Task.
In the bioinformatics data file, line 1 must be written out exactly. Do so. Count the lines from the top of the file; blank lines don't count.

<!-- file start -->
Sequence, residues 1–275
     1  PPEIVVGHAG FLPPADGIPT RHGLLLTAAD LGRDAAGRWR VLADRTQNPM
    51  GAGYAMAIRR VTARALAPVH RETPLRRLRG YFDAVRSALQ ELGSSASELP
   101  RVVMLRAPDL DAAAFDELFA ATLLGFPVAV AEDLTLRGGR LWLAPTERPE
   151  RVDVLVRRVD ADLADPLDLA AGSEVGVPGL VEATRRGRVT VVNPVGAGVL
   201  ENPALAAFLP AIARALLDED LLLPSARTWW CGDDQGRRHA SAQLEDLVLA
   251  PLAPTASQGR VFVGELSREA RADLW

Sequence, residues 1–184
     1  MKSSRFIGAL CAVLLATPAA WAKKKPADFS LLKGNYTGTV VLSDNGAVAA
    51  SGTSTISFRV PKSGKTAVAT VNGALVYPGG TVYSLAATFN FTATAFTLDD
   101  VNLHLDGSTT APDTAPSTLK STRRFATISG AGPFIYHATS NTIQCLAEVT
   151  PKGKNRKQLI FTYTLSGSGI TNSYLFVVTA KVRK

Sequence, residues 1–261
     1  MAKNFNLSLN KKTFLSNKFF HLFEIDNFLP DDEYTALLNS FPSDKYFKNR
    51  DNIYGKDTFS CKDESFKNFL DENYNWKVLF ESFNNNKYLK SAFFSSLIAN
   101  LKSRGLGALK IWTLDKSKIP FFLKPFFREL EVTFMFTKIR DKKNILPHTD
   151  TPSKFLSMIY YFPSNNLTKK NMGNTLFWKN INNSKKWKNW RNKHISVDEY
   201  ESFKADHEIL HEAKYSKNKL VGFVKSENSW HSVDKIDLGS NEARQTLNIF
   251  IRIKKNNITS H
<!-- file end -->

Sequence, residues 1–275